In this provocative new book, Margaret M. Bruchac, an Indigenous anthropologist, turns the word savage on its head. Savage Kin explores the nature of the relationships between Indigenous informants, such as Gladys Tantaquidgeon (Mohegan), Jesse Cornplanter (Seneca), and George Hunt (Tlingit), and early twentieth-century anthropological collectors, such as Frank Speck, Arthur C. Parker, William N. Fenton, and Franz Boas.
This book reconceptualizes the intimate details of encounters with Native interlocutors who by turns inspired, facilitated, and resisted the anthropological enterprise. Like other texts focused on this era, Savage Kin features some of the elite white men credited with salvaging material that might otherwise have been lost. Unlike other texts, this book highlights the intellectual contributions and cultural strategies of unsung Indigenous informants without whom this research could never have taken place.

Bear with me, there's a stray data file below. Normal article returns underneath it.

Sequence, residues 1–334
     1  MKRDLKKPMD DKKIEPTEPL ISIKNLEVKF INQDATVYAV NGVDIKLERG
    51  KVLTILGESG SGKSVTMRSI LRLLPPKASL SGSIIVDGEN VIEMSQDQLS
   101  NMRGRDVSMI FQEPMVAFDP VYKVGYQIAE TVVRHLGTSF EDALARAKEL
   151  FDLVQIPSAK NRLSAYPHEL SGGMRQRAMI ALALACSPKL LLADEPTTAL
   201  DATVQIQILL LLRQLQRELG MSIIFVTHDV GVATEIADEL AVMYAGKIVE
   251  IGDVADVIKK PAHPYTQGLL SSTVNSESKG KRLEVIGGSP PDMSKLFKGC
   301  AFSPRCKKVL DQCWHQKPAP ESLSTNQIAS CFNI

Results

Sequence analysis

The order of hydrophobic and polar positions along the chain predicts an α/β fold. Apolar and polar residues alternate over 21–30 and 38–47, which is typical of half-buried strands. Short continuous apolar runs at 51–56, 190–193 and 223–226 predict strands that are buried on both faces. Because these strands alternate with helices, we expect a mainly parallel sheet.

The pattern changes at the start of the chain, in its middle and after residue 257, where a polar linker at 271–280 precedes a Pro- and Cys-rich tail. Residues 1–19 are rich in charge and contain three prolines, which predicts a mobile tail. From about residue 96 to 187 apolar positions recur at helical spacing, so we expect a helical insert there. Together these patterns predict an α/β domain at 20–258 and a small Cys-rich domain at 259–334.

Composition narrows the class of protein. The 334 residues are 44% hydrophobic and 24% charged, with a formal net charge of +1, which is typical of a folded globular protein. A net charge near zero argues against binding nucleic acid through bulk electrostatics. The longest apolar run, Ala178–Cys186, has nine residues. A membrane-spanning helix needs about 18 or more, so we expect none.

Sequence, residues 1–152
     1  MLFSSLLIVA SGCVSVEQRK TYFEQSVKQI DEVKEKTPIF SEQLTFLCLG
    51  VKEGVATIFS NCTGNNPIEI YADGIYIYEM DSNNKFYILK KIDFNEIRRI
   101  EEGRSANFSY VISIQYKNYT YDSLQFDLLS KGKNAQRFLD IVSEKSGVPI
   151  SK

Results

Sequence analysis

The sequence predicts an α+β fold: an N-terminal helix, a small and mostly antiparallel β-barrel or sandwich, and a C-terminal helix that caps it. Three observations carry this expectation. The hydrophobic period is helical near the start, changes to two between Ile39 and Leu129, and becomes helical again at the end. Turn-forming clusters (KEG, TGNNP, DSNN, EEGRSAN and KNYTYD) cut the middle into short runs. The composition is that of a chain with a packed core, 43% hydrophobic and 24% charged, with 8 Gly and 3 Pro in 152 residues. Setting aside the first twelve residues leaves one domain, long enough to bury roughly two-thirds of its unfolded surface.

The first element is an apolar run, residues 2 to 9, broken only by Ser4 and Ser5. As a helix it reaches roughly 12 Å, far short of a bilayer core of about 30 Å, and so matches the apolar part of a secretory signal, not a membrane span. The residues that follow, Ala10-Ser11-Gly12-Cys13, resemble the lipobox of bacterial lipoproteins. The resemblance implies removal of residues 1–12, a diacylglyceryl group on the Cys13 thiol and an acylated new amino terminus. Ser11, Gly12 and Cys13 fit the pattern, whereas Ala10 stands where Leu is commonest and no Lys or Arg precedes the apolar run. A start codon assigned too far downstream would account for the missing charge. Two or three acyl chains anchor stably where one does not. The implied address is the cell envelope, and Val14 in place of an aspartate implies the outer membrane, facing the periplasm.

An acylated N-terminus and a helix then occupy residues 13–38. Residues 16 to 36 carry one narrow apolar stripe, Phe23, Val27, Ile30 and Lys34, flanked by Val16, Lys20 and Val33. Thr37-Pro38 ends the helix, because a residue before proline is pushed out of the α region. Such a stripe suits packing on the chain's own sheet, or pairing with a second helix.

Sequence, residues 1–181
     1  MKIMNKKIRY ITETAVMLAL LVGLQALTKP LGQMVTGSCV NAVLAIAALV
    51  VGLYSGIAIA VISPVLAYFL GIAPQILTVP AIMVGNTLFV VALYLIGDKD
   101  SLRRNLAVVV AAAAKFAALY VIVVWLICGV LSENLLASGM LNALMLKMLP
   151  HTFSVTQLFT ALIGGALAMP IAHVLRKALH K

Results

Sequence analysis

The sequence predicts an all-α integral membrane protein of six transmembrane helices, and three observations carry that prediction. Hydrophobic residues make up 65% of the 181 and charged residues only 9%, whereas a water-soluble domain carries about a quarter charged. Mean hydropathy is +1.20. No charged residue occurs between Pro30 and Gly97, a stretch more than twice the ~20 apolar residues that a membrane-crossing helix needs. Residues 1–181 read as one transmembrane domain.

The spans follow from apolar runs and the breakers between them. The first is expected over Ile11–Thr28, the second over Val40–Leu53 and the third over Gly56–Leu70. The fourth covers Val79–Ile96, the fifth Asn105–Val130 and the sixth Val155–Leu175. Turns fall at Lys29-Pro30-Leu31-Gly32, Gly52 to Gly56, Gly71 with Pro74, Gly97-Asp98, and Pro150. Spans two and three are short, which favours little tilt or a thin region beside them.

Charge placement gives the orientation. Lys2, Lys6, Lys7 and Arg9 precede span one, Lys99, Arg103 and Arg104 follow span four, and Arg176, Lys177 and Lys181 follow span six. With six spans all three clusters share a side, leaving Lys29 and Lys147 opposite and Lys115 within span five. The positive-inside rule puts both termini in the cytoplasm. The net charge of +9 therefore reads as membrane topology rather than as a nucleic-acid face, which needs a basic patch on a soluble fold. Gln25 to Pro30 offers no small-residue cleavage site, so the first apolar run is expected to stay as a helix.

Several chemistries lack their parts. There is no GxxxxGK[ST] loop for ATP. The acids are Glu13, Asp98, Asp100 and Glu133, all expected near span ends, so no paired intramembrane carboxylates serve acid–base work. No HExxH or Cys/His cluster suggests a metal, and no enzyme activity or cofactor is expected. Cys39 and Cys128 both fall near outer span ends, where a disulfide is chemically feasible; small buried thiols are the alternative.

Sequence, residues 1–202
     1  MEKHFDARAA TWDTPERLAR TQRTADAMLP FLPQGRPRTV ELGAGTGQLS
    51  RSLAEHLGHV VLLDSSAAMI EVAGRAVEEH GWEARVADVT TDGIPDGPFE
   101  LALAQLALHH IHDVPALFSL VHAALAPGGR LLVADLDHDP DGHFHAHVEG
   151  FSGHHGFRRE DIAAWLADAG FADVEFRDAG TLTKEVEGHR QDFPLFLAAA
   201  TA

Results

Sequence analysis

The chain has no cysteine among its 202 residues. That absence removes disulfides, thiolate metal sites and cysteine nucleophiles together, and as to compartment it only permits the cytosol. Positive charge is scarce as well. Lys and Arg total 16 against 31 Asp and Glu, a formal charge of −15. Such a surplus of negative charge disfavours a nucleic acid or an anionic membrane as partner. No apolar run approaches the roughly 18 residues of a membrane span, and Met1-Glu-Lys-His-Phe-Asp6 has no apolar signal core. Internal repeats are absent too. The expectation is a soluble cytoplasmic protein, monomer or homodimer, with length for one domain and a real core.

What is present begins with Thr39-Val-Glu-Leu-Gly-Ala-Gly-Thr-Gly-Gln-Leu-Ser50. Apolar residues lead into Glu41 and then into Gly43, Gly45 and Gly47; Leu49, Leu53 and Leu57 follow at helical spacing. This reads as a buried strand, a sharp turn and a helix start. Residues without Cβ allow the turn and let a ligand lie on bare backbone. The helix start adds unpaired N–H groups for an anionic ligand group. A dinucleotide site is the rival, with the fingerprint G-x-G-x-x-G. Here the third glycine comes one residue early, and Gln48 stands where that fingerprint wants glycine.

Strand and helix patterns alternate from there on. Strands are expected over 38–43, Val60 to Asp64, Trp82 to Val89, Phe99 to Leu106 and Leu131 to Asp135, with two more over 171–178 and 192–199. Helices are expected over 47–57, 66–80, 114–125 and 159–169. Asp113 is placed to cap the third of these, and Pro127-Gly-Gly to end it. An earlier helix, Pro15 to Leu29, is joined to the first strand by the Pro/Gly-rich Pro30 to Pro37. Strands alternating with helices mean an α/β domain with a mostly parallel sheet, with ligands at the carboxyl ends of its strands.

These bicultural partnerships transgressed social divides and blurred the roles of anthropologist/informant, relative/stranger, and collector/collected. Yet these stories were obscured by collecting practices that separated people from objects, objects from communities, and communities from stories. Bruchac’s decolonizing efforts include “reverse ethnography”—painstakingly tracking seemingly unidentifiable objects, misconstrued social relations, unpublished correspondence, and unattributed field notes—to recover this evidence. Those early encounters generated foundational knowledges that still affect Indigenous communities today.
Savage Kin also contains unexpected narratives of human and other-than-human encounters—brilliant discoveries, lessons from ancestral spirits, prophetic warnings, powerful gifts, and personal tragedies—that will move Native and non-Native readers alike.